ADVERTISEMENT

Music History

Adam Yauch’s Hilarious Alter Ego Epitomized the Beastie Boys’ Michievous Creativity

The story of Swiss music video director Nathaniel Hörnblowér.

Nathaniel Hornblower Beastie Boys

Mike D, Nathaniel Hörnblowér, and Ad-Rock

Frequent Beastie Boys collaborator Nathaniel Hörnblowér has an impressive resume. He directed classic Beasties videos (including ‘So What Cha Want’ and ‘Pass the Mic’) as well as the rap trio’s 2006 live concert film, Awesome; I Fuckin’ Shot That!. He is even credited for the iconic photograph on the cover of Paul’s Boutique. Nathaniel Hörnblowér, of course, was the ludicrous alter ego of Beastie Boy Adam Yauch. The character was an outlet for the group’s mischievous sense of humor –and it symbolized Yauch’s boundless creative presence in the band.

Sometime during the Paul’s Boutique era, a costumed caricature of a Swiss yodeler started showing up at press events. Nathaniel Hörnblowér wore lederhosen, a red beard, a feather in his cap, and always seemed to be packing a pipe. During interviews, Hörnblowér spoke in a ridiculous accent and waxed philosophical about his homeland.

When Yauch was on camera as himself, he delighted in weaving Hörnblowér’s mythology. He told one interviewer that his Swiss cousin was an “old yodeler” who “pretty much invented snowboarding.” Yauch’s ad-libbed bullshitting was almost poetic. He rambled about how Hörnblowér “built his own helicopter out of wood and plays a flugelhorn.”

Related: 20 Things You Didn’t Know about the Beastie Boys 

Hörnblowér’s most notorious public moment occurred at the 1994 MTV Music Video Awards, where ‘Sabotage’ director Spike Jonze was nominated for a ‘Best Direction’ award. When R.E.M. won the award, Hörnblowér stormed the podium, telling the crowd, “I’m from Switzerland, okay? Let me just tell everyone that. And since I was a small boy I had dreamed that Spike would win this. And now that this has happened, I want to tell everyone this is a farce, that I had all the ideas for Star Wars and everything.”Jonze feigned horror at the incident during an interview with MTV News, saying, “I wanted to stop it from happening, because it was just an appalling situation.”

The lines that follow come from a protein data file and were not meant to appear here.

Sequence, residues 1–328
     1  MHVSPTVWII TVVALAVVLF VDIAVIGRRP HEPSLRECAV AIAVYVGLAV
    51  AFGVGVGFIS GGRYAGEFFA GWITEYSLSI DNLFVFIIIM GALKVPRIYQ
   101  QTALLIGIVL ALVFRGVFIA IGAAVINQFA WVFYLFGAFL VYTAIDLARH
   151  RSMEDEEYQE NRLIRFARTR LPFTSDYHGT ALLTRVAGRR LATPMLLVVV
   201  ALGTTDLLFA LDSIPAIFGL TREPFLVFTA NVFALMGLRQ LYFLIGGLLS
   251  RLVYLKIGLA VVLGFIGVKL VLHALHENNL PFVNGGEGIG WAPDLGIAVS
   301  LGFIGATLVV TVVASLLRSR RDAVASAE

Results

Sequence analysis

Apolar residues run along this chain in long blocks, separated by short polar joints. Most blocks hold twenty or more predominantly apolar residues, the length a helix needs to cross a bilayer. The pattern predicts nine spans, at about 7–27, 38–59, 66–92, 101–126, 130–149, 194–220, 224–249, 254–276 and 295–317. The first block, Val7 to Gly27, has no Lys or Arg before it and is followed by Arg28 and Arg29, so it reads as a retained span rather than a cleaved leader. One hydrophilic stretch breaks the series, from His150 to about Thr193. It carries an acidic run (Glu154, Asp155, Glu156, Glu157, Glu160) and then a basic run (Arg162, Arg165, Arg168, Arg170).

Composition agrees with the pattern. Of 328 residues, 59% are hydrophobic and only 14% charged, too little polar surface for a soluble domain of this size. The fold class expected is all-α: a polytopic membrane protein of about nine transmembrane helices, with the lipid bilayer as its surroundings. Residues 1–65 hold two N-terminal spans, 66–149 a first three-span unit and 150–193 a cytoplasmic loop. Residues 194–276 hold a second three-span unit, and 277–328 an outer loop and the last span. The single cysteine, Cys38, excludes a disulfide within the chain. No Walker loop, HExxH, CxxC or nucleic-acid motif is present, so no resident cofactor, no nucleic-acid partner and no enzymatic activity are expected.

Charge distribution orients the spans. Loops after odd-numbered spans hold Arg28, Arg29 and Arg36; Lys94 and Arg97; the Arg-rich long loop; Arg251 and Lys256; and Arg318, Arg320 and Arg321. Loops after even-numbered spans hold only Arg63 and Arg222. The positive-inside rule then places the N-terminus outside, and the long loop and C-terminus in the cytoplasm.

Jonze was also a coconspirator in the Hörnblowér ruse during a 1994 segment of MTV’s ‘Get Late’ show (hosted by Kennedy), during which he explained, “Nathaniel is one of my early mentors in the film business…. He’s a Swiss filmmaker who started building his own cameras in the early fifties. I’ve learned quite a bit from him.”

The MTV incident wasn’t the only time that Yauch called on Hörnblowér to express his sense of gleeful outrage. In 2004, The New York Times published a sour review of the Beastie Boys’ ‘Ch-Check It Out Video,’ directed by Yauch under the Hörnblowér pseudonym. Reviewer Stephanie Zacharek said the video “shows the Beastie Boys moving as fast as they can but going nowhere at all.” Hörnblowér responded by writing to the Times and demanding that they send him a goat. In the letter, Nathaniel explained that not only was the reviewer mistaken about the quality of the video, but that the newspaper had been couriered to “my homeland, the Oppenzell” by means of a goat, which had died in the process. “Then I had to give the mailman one of my goats,” Hörnblowér explained, “so remember, you owe me a goat.”

In 2011, the Beasties cast David Cross as Nathaniel Hörnblowér for their star-studded ‘Make Some Noise’ video. Yauch also directed Cross in the short film ‘A Day In The Life Of Nathanial Hörnblower.’

David Cross Beastie Boys

David Cross as Nathanial Hörnblower in the ‘Make Some Noise’ video

The absurdism of the Hörnblowér character belied Yauch’s tremendous influence in the Beastie Boys. According to the book The Beastie Boys’ Paul’s Boutique (33 1/3), Yauch “often took the creative lead” during recording sessions. His music video directing career represents an immense part of his contribution to the band’s legacy – and a less humble man might’ve basked in the credit for directing hit videos. Yauch, however, made a joke of his influential role. It was characteristic of the visionary rapper, who was humble, hilarious, and brilliant to a fault.

Listen to the best
interviews in music.

Subscribe to the Culture Creature podcast:
Apple Podcasts | Android | Stitcher | RSS

Comments